Perhaps you’ve seen videos like this doing the rounds? Scores and scores of phones lined up, mounted on stands in factory-like settings, the flickering as some kind of technology ensures items on the screens are clicked and clicked and clicked and clicked. It’s nearly comical. Nearly.

These like farms/click farms/like factories are actually a huge issue and are seriously impacting marketing efforts by advertisers and content creators – not to mention causing emotional harm to people who have their images stolen for profit, as well as creating dodgy economies where employees are paid very little to click away.

A Like what?

This article about how three Chinese men used 476 mobile phones and 347,200 sim cards for click fraud on WeChat is a great example of how it all works. And contains this handy definition we are borrowing here:

A ‘click farm’ is a form of internet fraud that involves paying employees to increase the social media presence of companies and people for popularity and profit. It often employs workers who are required to click ‘like’ on Facebook, ‘follow’ on Twitter and to rack up views on YouTube, or click on online adverts. Farms typically operate from countries such as Thailand and Bangladesh. The number of employees per farm is unclear because of the clandestine nature of such operations.”

But why?

Well, these (literal) bad boys can defraud sites of millions of ad dollars as well as make profit from growing large profile followings through fake activity. Once they build up the fake profiles – often involving some saaaarious identity theft – they can then sell them to other dodgy people who think they need more followers/likes/social media fame.

That’s weird.

Yes, it is. And as it turns out, it’s kind of hard to control. As that New York Times link above, which I am sure you definitely clicked on, delves into in typical brilliance – a lot of people are using these services: Not just dodgy companies (think the sex industry) but also heaps of celebs, politicians and influencers.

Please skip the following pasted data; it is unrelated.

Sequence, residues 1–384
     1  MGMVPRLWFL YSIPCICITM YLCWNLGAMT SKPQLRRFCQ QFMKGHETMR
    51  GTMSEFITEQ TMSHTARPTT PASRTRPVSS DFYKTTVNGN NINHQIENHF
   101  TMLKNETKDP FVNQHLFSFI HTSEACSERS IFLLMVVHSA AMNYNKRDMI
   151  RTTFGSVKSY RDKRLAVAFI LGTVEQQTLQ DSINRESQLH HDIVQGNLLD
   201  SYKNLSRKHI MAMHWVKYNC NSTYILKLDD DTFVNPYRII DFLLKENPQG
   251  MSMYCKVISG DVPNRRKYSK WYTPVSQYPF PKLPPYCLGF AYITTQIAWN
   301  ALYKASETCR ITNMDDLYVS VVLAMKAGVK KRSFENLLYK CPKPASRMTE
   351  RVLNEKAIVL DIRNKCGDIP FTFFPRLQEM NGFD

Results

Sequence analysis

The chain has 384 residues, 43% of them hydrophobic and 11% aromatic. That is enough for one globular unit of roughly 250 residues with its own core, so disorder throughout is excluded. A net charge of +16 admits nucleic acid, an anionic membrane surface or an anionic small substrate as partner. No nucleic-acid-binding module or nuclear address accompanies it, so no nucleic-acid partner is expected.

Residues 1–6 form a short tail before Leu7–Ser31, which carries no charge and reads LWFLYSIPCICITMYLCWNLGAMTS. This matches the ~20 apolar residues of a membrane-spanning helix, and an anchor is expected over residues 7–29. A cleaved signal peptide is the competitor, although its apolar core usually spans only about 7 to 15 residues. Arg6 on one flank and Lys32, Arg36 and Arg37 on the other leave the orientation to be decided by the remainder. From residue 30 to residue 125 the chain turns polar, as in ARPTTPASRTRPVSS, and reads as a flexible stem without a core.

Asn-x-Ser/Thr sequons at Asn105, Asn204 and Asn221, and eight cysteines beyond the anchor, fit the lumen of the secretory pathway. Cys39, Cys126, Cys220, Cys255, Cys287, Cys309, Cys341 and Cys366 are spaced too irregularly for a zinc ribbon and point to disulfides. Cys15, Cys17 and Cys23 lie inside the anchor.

They are using it so much, that one estimate reckons the industry was worth USD$785 million in 2015, and could be around $1.3 billion by now. Facebook and Instagram frequently conduct purges on fake accounts, and Twitter deletes accounts which employ the click farms. Except these farmers are getting savvier, and can charge more to create profiles which seem quite legit. So legit, that tools which existed to measure engagement versus empty follows don’t always work anymore.

But don’t worry, we have some tips of how to spot the fakies.

  • Look for the influencer’s/account’s own engagement with their followers. Are they replying to genuine questions and comments, or is it just a stream of comments made up of, “nice!”, “beautiful” and emojis?
  • Ask about engagement pods. If you’re paying to have your brand aligned with an influencer and they are actually only generating engagement from members of their “pod” – this is not real engagement. In fact it is very disingenuous and quite fraudy, too. Stay away from them.
  • Use social tracking analytic tools like Social Blade to see if there are sharp drops or raises in followers or engagement – both indicators of dodgy business going on.
  • And finally, just in case you didn’t get the gist of this whole post: Don’t buy likes and followers.

The value of social media comes from authentic engagement. If you’re creating good content on your social media platforms, the engagement will come. Anything other than organic is bad for your brand’s health.

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